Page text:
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March 9, 2006

Highlights from the State and Local Government Pension Forum

Rick Mattoon
Senior Economist and Economic Advisor

Over 150 people attended the February 28, 2006, State and Local Government Pension Forum cosponsored by the Chicago Fed, the Civic Federation, and the National Tax Association. Presenters offered a wide range of perspectives on trends affecting pension funding and solvency, as well as discussing the potential impact that recognizing future OPEB liabilities will have on government finances.

I will summarize the conference discussions in an upcoming Chicago Fed Letter. Meanwhile, here are some of my impressions. By the end of the program I think a pretty firm consensus had emerged that:

  • while not a crisis, pension funding and OPEB liabilities will be the largest fiscal challenge to many state and local governments in some time. Financial commitments for these programs are growing much faster than the rate of revenue growth.
  • these commitments cannot be avoided. Even the OPEB liabilities may be a contractual obligation that must be met.
  • the secondary impact on state and local governments will be significant. Program reductions and higher taxes are likely.
  • if somehow the state and local governments can get out of their OPEB programs, this will have a negative impact on an already overtaxed Medicare system.
  • this is a major political problem since there is little reason for any governor, mayor or legislature to fix the problem.
  • The strength of the state and municipal workers unions (as shown, for example, by the recent NYC transit strike) suggests that negotiating concessions will be difficult.
  • The rating agencies are unlikely to significantly downgrade public debt when OPEB liabilities are reported. As long as the government under analysis can demonstrate a plan for meeting OPEB liabilities, they will be held harmless.

The conference had many excellent presentations. I provide a brief description of each presentation here and a link to the relevant powerpoint or speech.

The Impending Pension and Health Plan Crisis and the Impact of an Aging Work force on Talent Management
Tim Phoenix and Lance Weiss, Deloitte Consulting

Tim Phoenix and Lance Weiss discussed the aging demographics of the government work force and stressed that any change in pension or health care plans must consider issues of talent retention and talent attraction. They also provided a comprehensive history of the Illinois pension system and recent efforts to address underfunding.

An Independent View of the Credit Risks of Pension Underfunding
Richard Ciccarone, McDonnell Investment Management
John Kenward, Standard & Poor’s
Paul Nolan, Moody’s Investors Service
Joe O’Keefe, Fitch Ratings

Richard Ciccarone moderated a panel of rating agency analysts, who examined how state and local governments are handling pension liabilities and the impact that OPEB liabilities might have on government credit ratings. The analysts stressed that a primary concern is whether state and local governments have recognized their future liabilities and have a plan for meeting them.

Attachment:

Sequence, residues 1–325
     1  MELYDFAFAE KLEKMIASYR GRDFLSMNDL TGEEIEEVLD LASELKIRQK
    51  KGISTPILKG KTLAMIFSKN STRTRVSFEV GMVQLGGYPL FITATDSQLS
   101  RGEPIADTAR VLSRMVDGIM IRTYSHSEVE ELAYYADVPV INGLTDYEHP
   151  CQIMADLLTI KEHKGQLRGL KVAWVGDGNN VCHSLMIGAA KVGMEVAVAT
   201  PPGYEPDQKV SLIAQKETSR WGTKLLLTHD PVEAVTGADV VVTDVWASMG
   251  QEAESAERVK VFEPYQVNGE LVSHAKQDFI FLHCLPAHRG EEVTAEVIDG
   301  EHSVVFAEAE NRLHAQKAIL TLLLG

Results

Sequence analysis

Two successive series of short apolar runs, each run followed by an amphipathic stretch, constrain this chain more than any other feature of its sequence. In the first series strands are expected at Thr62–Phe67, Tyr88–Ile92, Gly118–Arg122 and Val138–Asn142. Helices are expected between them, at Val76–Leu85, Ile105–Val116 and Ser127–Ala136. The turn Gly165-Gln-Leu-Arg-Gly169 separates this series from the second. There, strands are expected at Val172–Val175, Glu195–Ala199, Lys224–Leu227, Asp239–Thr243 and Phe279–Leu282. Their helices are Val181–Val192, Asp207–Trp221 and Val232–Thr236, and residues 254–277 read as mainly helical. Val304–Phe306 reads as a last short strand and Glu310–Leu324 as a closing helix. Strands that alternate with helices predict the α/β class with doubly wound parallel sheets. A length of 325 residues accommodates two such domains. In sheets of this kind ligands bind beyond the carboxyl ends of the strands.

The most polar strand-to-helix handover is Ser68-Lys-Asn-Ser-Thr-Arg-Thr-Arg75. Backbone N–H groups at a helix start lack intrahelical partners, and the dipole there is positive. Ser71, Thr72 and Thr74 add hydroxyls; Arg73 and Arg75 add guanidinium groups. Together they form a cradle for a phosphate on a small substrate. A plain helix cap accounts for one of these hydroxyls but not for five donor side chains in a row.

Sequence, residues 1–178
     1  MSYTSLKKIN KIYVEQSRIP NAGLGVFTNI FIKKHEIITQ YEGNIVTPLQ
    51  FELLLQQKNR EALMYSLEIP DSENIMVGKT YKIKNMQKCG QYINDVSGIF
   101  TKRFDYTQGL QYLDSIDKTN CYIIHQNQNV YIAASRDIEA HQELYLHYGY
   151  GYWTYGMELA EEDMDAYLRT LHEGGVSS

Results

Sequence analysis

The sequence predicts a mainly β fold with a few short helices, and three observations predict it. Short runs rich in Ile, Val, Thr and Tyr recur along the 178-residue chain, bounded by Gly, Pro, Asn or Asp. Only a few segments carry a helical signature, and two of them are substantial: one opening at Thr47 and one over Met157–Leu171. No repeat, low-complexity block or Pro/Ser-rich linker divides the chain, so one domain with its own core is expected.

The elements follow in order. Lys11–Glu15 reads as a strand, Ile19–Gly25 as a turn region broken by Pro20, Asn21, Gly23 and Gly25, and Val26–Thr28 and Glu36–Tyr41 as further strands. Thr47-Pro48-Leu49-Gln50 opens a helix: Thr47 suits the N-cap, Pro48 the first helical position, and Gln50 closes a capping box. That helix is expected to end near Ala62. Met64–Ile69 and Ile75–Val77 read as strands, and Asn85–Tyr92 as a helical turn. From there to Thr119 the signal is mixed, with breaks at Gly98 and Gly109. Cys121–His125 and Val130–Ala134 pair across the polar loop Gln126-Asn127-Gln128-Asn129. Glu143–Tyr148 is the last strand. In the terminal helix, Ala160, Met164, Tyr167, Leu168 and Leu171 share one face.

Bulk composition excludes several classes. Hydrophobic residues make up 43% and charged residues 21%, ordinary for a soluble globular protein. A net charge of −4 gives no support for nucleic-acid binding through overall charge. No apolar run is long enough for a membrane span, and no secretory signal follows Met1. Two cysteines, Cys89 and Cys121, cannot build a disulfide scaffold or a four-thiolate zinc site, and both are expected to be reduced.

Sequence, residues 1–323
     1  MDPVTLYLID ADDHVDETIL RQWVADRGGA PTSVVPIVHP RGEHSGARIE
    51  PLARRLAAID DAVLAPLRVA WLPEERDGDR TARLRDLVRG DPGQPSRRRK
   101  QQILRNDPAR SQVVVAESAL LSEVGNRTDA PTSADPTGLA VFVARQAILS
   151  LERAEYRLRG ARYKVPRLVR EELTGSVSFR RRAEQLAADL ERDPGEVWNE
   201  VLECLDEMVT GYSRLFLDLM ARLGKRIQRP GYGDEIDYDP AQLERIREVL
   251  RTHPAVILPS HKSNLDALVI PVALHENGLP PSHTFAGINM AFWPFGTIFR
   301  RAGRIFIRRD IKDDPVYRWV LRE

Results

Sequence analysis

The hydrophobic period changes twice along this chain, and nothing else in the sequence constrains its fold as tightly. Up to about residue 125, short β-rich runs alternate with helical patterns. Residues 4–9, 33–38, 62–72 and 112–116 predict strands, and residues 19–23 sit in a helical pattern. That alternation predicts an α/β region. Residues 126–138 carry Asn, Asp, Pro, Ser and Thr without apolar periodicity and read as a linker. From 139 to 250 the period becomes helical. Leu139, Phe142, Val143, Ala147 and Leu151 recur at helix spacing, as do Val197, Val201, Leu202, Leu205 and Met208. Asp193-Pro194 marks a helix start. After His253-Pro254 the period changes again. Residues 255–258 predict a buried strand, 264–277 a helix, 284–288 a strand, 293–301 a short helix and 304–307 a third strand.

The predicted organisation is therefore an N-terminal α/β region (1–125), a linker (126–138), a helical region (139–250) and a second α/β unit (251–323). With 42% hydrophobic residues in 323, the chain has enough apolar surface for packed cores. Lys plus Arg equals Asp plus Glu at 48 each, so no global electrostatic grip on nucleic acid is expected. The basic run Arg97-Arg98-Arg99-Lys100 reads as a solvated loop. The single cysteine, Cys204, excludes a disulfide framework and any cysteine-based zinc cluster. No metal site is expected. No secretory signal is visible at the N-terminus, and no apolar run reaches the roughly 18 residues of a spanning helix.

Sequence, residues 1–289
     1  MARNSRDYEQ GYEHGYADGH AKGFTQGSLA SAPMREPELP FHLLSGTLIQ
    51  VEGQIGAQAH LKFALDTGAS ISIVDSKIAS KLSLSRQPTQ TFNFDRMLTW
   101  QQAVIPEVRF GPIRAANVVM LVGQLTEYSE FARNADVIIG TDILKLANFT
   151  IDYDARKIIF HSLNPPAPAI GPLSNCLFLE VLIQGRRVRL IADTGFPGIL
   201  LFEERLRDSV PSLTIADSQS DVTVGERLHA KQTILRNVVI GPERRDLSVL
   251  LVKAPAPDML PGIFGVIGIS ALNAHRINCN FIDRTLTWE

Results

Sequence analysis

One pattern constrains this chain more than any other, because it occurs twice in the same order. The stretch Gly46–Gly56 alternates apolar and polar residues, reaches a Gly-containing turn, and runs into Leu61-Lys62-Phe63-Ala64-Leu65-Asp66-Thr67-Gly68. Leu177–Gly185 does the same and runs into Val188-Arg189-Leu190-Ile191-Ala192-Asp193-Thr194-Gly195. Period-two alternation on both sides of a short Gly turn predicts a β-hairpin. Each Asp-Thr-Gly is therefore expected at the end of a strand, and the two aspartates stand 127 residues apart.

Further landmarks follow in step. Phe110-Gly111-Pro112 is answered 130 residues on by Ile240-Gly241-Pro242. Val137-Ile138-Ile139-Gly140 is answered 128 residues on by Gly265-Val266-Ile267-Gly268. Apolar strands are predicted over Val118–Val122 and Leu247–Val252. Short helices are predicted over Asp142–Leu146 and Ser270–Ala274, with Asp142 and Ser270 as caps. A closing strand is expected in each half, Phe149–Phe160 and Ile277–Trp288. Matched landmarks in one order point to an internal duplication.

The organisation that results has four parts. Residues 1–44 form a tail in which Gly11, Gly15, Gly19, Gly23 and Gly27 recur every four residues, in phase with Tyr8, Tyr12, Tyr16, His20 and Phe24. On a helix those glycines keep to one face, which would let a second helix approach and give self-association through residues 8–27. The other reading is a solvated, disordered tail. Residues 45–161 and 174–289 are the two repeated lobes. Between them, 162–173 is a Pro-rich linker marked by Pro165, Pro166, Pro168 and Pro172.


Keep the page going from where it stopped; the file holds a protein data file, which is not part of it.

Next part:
The Regional Perspective on Pension Issues
Michael Moskow, Federal Reserve Bank of Chicago

Michael Moskow offered his perspectives on improving pension solvency and the impact of pension underfunding in the Midwest.

Are Public Pension Funds Able to Break from the Path of Social Security and the Private Sector?
J. Fred Giertz, University of Illinois and National Tax Association

Fred contrasted the relative liability of the Social Security and Medicare system to private and state and local government pension exposure. He examined resources that each sector might have to meet future expenses.

If the Pension Bomb Stops Ticking, What Happens Next?
James Spiotto, Chapman and Cutler

James Spiotto described the legal protections surrounding pension funds as well as the limits on state and local governments to restructure pension and even health care liabilities.

The Organized Labor Perspective on Pension Issues
Hank Scheff, AFSCME Council 31

Hank Scheff described why defined benefit pension programs are often best for government workers. He noted that nearly one-quarter of state and local government workers do not receive social security benefits, making pension income that much more important. He also described recent problems in Illinois pension funding.

Best Practices for Reforming Pension Governance
Lise Valentine, The Civic Federation

Lise Valentine examined governance structure for pension fund boards and spoke of the importance of having independent and citizen member representatives. She stressed that pension boards should focus on protecting the funds assets and not lobbying for any particular stakeholder group.

Finally, if you have any questions after you look over the presentations, let me know. I’ll get in touch with the presenter and try to get you an answer.

Posted by Mattoon at March 9, 2006 4:27 PM


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